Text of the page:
Ritchie made a claim about Singapore

So I thought I would check it:

But Murphy said it would be hard for the UK to replicate the Singapore model. “More than 80% of people live in government-owned housing so it does not need to tax people, it just charges rent.”

I did think that was odd. So I went and asked the Singapore Ministry of Finance:

“The Housing Development Board (HDB) is Singapore’s public housing authority, and its main function is to provide affordable quality housing. HDB does not profit from the provision of public housing. HDB’s public housing programme incurs deficits, which are covered by Government grant, as reflected in HDB’s published financial statements.

In addition, we would like to clarify that vast majority of HDB flats are sold. There are various Government grants to encourage home ownership through public housing. In the Financial Year 2017, the estimated percentage of Singapore residents living in HDB flats is about 80%. Approximately 98% of this group are staying in sold HDB flats. Only about 2% are staying in rental flats.

To answer your question directly: Government funding, from the general budget is provided to HDB to cover its overall deficit.”

That is, Ritchie’s spouting bollocks. Again. Wonder when we’ll see the reverse ferret here. For we’re certainly not going to see an apology, are we?

13 thoughts on “Ritchie made a claim about Singapore”

  1. A government with its own currency and central bank could create as much housing as it needs, and if it created a surplus of houses it could use inflation to take care of that.

    I have solved the housing problem.

    Next: famine.

    A government with its own currency and central bank can create as much food as it needs, and if… (continues in a similar pompous manner)

  2. An interesting reference to Britain after leaving the EU; “We won’t be able to stop people leaving”

    Not a feature of the EU we have heard of from Remain?

  3. Slightly off topic but I have always meant to look into

    1. how much hong kong government funding comes from land ownership [if you like the non-distortionary benefits of using a property tax to fund government then government ownership of land – i.e. 100% of land revenues – must be even better. Note, as with all property taxes it is the transition in tax regime that is the big issue.]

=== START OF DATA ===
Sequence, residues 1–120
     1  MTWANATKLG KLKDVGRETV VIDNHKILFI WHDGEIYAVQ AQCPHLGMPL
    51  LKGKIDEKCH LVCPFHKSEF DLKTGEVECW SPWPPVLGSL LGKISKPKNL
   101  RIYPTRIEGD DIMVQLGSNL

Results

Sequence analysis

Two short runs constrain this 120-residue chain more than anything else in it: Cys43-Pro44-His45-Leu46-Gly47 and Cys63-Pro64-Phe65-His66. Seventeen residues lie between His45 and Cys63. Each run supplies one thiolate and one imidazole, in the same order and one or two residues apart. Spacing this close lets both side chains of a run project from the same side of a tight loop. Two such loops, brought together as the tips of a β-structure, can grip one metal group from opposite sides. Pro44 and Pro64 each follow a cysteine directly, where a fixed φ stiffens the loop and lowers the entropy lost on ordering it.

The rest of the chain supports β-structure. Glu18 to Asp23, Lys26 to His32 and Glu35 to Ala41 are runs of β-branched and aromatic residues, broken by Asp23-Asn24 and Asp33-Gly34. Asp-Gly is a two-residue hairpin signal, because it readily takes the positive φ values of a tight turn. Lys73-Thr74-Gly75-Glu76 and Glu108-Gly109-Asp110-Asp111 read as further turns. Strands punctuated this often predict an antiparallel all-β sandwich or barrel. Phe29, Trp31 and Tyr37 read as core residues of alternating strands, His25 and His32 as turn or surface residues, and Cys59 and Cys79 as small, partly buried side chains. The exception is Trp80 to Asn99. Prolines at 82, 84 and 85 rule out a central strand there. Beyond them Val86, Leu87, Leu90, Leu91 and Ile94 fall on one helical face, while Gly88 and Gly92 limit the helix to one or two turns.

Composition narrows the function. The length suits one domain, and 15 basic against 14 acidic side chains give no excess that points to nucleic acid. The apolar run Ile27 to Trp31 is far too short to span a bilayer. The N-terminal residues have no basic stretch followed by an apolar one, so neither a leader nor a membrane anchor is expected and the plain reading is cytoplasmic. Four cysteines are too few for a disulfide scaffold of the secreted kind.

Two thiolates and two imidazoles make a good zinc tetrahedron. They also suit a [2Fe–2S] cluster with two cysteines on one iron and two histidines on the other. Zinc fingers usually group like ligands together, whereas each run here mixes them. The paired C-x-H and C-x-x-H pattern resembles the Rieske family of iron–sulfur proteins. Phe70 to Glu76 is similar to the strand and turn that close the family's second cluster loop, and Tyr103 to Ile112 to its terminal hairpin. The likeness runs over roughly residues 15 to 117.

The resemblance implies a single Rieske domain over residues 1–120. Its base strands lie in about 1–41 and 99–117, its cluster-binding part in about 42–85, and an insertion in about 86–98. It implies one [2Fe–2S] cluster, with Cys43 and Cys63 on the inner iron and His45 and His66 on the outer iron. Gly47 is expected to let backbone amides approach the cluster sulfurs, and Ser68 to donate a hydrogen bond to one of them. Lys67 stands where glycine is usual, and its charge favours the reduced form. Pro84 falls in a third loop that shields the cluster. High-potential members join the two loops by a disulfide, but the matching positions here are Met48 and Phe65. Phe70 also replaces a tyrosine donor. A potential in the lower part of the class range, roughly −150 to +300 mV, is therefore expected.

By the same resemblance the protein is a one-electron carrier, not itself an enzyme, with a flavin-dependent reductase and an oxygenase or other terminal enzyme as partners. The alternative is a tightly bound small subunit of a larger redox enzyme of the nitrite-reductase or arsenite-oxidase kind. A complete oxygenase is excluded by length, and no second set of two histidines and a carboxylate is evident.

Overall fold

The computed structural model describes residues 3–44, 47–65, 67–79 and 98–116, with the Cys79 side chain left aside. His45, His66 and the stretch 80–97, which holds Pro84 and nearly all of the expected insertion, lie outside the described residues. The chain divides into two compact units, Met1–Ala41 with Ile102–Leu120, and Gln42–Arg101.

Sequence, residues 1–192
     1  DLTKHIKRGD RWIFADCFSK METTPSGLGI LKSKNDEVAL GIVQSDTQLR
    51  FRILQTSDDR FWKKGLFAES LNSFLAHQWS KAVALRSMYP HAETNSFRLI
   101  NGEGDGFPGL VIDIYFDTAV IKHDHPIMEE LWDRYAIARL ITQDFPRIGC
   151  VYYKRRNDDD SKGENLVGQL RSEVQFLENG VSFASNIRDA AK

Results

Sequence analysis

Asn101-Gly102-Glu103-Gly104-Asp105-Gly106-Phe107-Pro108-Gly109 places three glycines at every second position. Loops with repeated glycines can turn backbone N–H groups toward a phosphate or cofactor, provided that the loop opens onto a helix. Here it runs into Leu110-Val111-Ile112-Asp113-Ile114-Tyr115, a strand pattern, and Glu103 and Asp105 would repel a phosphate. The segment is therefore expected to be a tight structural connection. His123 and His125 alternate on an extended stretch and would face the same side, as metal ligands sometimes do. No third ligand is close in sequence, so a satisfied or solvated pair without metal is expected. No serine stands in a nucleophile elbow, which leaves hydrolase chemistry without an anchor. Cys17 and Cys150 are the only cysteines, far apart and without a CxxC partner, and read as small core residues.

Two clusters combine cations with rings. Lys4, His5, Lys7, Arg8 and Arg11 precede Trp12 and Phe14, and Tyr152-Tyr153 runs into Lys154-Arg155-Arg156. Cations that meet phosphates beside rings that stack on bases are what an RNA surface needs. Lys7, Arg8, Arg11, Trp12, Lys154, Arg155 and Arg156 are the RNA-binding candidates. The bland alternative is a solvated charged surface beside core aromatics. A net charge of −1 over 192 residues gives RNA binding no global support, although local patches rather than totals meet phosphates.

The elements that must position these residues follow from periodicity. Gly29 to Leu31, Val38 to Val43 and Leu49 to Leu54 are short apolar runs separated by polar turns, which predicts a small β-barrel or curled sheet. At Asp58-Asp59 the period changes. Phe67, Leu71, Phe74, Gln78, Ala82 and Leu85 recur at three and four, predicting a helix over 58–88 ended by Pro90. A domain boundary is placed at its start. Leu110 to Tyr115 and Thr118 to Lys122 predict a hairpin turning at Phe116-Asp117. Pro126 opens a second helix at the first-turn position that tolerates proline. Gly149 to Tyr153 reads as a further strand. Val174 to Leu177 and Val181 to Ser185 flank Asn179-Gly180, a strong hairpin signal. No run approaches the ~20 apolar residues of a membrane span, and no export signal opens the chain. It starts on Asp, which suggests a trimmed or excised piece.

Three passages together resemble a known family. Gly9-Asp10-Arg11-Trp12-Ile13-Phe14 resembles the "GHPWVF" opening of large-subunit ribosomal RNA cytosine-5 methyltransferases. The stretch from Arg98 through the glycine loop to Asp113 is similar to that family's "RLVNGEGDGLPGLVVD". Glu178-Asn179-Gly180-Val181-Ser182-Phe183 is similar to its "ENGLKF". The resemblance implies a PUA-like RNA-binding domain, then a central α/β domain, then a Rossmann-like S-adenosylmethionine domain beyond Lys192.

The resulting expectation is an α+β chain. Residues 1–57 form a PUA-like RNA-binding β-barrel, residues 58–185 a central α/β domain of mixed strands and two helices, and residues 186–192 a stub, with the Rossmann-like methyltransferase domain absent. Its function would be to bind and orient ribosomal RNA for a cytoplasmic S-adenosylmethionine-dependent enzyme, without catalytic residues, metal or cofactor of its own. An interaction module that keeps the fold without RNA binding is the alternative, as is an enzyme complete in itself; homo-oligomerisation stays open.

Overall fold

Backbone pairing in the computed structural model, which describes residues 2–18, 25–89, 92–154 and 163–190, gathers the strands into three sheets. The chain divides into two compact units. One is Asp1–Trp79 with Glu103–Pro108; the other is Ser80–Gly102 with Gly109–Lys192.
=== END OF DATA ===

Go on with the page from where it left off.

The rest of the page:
2. Do the singaporeans sell freehold or long leasehold interests? i.e. for a city state of apartment blocks how do they solve the coordination problem of knocking down old buildings in order to build something newer, shinier and taller?

  4. @isp001

    The HK government makes a ton of money from land “auctions” (actually leases), around 25% of government income. However that money goes into the public works fund rather than general spending and so right now is a huge pile of cash (over HKD 1tn more than needed to maintain the currency peg). Hence we are building expensive underground trains, bridges and reclamations to tie us to the mainland and fund the tycoon and mainland conglomerate building vested interests rather than spending it to help the poor.

    Add on the supposedly market correcting property stamp duties that make a ton more money and the HK government is currently violating the Basic Law by running a huge structural surplus.

    The days of JJ Cowperthwaite and positive non-intervention are long dead unfortunately. The experiment worked well while it lasted.

  5. This statement of Murphy’s needs to be saved for future reference, in case in future he tries to assert authorship of MMT as his original work.

    “But let’s be clear, the Green New Deal was created before I’d heard of MMT.”

  6. An interesting reference to Britain after leaving the EU; “We won’t be able to stop people leaving”

    Why would we want to*?

    * Excluding obvious categories such as criminals on the run, etc.

  7. “So I went and asked the Singapore Ministry of Finance:”

    Journalist doing journalism? It will never catch on.

  8. And even if 90% of Singaporeans rented from the government, I would expect it to be like a UK Housing Revenue Account, and a self-contained trading body, not a cash pot for outside non-housing operations to dip into. (cough!)studentgames(cough!)

  9. isp001 said:
    “Do the singaporeans sell freehold or long leasehold interests? i.e. for a city state of apartment blocks how do they solve the coordination problem of knocking down old buildings in order to build something newer, shinier and taller?”

    Long leasehold, I believe, although there’s a statement along the lines that they don’t intend to kick people out at the end of the lease, so I would guess the intention is to rebuild and grant new leases to the former leaseholders.

    But a lot of their new buildings are on new land – they’ve increased their land area by something like 25% since independence.

  10. Isn’t something like approaching 20% of the UK’s housing stock state owned?

    If so, perhaps the learned Mr Murphy would enlighten us on why the UK government needs to continually scrounge for money?

  11. @ Agammamon
    Because the purpose of the council-/state-owned housing is to subsidise the tenant. Originally it was to provide decent housing to the poor, now it is to provide subsidised housing to those selected by the council/government (although I bet Philip May would prefer to live in his own house at his own expense)..

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